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The main reason is not UX related. The "displays" you are referring to in fact are not just displays. They cover a very broad variety of hardware ranging from simple PLCs with matrix LCD screens to full blown industrial PCs. The industry chooses for these options for a number of reasons, including: communication requirements with external systems ...


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Mostly because of costs, and the software/hardware platform the thing is running on. A lot of the displays you see on machines, parking meters or other electronics run on rather basic hardware and software where you sometimes only have a few kB of Storage to handle everything, and it's mostly programmed in C or some language that is very close to the ...


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I work for a large electronics manufacturer and the move to better displays for industrial equipment is happening, albeit slowly. As suggested above, it was often an engineer who was left to design the display too. This was usually of secondary importance to the function of the device itself. That's starting to change in our company where new products often ...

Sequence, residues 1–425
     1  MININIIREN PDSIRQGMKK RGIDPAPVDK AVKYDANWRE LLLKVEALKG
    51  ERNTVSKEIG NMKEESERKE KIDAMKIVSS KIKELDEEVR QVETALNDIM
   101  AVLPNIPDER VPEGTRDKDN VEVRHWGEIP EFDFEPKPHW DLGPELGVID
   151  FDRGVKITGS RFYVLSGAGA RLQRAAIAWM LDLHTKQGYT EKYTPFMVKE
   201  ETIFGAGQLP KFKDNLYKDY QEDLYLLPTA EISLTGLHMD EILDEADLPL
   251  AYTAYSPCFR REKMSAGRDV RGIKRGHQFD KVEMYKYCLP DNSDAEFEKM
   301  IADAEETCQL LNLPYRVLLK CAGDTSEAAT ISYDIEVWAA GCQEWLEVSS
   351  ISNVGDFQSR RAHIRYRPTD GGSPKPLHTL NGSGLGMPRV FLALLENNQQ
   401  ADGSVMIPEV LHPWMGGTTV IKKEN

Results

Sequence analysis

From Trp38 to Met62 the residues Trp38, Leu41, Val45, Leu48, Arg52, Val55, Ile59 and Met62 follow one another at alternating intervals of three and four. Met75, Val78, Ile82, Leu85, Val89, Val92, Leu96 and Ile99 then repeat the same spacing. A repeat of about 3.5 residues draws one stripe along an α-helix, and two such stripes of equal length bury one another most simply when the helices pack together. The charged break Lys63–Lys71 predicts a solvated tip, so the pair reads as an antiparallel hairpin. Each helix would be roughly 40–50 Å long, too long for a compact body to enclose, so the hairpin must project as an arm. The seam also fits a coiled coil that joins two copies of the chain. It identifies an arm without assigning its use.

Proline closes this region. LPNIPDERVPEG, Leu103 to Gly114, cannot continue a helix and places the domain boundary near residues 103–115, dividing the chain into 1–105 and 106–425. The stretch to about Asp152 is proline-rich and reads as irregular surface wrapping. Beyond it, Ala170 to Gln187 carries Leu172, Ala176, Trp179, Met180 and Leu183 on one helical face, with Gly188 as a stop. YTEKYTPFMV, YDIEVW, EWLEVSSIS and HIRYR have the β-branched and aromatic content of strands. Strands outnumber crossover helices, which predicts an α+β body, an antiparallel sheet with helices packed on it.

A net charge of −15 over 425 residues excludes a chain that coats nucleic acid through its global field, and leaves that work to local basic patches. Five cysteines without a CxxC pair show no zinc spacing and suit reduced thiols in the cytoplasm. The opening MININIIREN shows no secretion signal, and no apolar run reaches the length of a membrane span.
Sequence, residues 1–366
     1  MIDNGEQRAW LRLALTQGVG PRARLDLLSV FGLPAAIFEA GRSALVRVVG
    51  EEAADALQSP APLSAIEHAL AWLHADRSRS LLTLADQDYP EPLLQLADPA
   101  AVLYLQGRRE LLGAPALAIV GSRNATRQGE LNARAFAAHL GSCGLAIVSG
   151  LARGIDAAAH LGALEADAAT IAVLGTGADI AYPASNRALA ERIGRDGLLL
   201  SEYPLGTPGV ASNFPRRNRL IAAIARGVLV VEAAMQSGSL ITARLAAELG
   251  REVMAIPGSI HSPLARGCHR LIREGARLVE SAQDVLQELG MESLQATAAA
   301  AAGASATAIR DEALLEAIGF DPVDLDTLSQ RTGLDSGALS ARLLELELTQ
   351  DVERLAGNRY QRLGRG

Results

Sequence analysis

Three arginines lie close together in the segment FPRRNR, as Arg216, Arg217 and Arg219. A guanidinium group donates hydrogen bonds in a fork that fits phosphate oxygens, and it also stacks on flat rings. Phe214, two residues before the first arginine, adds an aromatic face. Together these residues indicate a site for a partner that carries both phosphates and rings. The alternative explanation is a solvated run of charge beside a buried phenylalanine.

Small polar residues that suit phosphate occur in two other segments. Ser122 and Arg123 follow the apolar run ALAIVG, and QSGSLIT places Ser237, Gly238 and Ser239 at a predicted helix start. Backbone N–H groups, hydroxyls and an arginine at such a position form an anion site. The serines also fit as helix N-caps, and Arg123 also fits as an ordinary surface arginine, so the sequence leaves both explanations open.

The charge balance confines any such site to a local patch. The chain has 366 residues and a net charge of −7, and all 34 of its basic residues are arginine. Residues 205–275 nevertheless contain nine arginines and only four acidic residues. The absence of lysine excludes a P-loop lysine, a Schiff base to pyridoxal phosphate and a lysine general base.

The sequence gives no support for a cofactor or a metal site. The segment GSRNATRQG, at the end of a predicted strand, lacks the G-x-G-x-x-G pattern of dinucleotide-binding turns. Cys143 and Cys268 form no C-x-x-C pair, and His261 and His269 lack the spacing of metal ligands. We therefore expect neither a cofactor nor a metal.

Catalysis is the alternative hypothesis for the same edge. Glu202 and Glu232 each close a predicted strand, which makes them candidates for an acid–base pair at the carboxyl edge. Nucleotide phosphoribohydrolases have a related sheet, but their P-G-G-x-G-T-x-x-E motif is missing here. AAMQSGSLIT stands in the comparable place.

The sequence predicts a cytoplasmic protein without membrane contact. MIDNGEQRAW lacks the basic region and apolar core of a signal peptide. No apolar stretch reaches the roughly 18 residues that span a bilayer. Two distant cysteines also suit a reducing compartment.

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Your two examples there are very different. One indicates it's using real-time data from a piece of hardware, the other indicates using static data. In my experience, the guy with enough knowledge of hardware (often very specialized hardware) just isn't a UI/UX/designer person. The skills to do that aren't required to accomplish the tasks he's looking to ...



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